PORT ST. LUCIE — David Wright has avoided retirement talk for his two-plus years trying to return to the Mets, but even he admits there are only so many times he can attempt a comeback.
And last call could be this latest minor league rehab assignment, which continued Monday night when Wright started a second straight game at third base for High-A St. Lucie.
Wright’s goal is to play for the Mets before this season concludes. But if that doesn’t happen, Wright isn’t so sure he will be in spring training to try again in 2019.
“There will certainly be some things to think about,” Wright told The Post in a sit-down interview at First Data Field, where he went 0-for-1 with a walk in five innings. “I haven’t quite thought that far. My goal is certainly to make it back, and if it doesn’t work out … at some point you have got to play. You can’t just continue to sit here and rehab all year.
“I haven’t thought much about it, but since I have been in the big leagues it’s been over two years, so at some point if physically I can do it, great, and if physically I can’t, that’s a whole different conversation.”
The 35-year-old Mets captain last played in a major league game in May 2016 and has since undergone three surgeries. On top of rehabbing from the surgeries, Wright continues to manage spinal stenosis, a chronic condition in his back.
After six weeks of baseball activities that began in early July, he was cleared over the weekend to play in his first minor league rehab games in nearly a year. Wright’s last comeback dream was dashed in August 2017, when he needed surgery to repair a torn rotator cuff. A month later he had surgery to alleviate pressure in his lower back.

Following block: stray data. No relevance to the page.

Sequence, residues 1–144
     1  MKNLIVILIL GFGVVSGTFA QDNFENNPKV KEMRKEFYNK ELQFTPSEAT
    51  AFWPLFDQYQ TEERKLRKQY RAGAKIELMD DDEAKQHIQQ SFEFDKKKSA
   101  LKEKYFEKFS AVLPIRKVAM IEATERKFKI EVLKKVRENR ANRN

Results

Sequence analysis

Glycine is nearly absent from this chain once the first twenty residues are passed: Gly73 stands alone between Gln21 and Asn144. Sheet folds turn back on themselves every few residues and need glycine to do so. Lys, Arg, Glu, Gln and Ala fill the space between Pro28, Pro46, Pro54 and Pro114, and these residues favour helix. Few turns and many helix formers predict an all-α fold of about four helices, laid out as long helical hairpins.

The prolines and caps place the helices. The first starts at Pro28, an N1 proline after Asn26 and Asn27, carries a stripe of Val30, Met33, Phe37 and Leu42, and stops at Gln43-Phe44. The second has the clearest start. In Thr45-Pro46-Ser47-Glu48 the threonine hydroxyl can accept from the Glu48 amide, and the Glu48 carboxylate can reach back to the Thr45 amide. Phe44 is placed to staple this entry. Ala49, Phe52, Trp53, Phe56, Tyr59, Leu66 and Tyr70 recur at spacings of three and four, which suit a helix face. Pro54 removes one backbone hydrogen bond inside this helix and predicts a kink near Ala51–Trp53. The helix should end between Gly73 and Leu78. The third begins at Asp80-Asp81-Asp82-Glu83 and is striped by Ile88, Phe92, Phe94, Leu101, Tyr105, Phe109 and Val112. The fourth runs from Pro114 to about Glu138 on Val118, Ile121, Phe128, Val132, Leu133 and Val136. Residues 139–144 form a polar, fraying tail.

Wright, who has about $33 million remaining on the eight-year contract he signed following the 2012 season, was asked if this comeback — which is beating the clock on the minor league season’s expiration in a few weeks — is a Hail Mary pass of sorts.
“I don’t know,” Wright said. “It got to the point for me at least there was nothing more to do rehab-wise, and now it’s, ‘Let’s test it out and see how it goes.’
“I wish I knew the answer to the outcome, how it’s going to turn out, but you have got to jump in at some point and swim, and we checked all the boxes from the baseball standpoint, the rehab stuff, so why not try the game and see how my body responds?”
Wright freely admits his arm is a concern. That was on display in the first inning Monday, when he fielded a grounder and stepped on third for the force but unloaded a weak throw to first that just missed completing a double play.
After undergoing surgery in June 2016 to repair a herniated disk in his neck, Wright says his arm strength never returned.
“I certainly don’t feel like I felt when I was healthy,” Wright said. “I think that neck surgery really took something out of me. Where I had my fusion from my neck, there’s a really important nerve that goes into my right shoulder that had to be manipulated to get to the spot they want it to get to. I can remember after that surgery just the atrophy of my right shoulder, and it’s been a real challenge to get that arm strength back.
“But if I can be accurate and I can pick it up a little more — I never had a great arm to begin with — if I can get back to just an average arm, I think that will play.”
Wright played five innings in each of his first two games — he is a combined 0-for-4 at the plate with three strikeouts — and is scheduled to rest Tuesday before resuming his quest the following day.
“Some days it’s probably more work getting ready for the game than it is actually playing the game,” Wright said. “So I have really learned that I used to just push it, and now I have to be smarter about when to just push it and when to say my body is telling me something, and I have got to take it a little slower.
“For me, I have got to listen to what it’s saying and continue to progress. I was going to say it’s like spring training, but it’s not even spring training. It’s longer. I haven’t played baseball in instead of four months it’s 12 months.”
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